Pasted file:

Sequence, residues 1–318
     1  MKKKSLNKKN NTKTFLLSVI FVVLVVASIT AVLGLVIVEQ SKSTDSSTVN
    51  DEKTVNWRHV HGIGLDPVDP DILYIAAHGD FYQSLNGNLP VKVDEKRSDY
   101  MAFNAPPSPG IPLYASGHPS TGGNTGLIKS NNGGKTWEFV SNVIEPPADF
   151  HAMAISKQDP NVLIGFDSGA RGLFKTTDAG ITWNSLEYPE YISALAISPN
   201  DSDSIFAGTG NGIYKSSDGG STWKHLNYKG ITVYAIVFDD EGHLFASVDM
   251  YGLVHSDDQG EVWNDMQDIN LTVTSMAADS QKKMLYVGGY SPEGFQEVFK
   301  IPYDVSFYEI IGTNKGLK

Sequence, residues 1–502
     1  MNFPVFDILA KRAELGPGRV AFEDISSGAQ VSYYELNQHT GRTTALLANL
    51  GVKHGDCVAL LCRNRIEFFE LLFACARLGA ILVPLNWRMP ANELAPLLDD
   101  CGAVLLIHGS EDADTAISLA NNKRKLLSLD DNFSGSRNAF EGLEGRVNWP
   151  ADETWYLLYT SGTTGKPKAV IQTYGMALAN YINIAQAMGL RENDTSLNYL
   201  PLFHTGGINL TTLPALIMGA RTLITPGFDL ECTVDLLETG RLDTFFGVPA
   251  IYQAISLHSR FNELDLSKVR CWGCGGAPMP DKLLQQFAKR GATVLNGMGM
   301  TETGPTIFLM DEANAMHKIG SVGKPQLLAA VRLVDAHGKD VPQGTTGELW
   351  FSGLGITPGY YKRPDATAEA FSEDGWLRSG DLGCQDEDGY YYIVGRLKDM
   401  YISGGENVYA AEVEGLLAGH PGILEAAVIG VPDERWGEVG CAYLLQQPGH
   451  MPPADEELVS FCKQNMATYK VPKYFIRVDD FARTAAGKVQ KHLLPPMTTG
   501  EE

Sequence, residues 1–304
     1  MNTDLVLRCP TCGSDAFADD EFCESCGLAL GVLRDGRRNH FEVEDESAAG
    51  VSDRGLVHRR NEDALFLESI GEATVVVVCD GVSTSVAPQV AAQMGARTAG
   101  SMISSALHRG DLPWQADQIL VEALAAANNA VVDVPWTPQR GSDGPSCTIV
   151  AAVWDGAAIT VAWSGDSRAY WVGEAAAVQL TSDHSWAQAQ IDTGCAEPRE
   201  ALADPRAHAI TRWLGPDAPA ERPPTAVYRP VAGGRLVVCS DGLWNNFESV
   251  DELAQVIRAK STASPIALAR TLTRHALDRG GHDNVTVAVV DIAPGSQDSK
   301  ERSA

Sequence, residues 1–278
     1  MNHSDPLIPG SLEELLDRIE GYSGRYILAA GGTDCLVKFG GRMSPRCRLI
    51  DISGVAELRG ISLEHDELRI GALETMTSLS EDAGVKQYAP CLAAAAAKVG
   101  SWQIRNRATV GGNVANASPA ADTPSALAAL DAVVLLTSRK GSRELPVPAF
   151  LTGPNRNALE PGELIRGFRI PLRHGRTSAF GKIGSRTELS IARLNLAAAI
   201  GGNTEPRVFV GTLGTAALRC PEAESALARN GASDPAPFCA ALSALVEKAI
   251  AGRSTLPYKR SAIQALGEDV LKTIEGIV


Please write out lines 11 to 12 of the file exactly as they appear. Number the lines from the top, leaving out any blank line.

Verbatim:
    51  GVKHGDCVAL LCRNRIEFFE LLFACARLGA ILVPLNWRMP ANELAPLLDD
   101  CGAVLLIHGS EDADTAISLA NNKRKLLSLD DNFSGSRNAF EGLEGRVNWP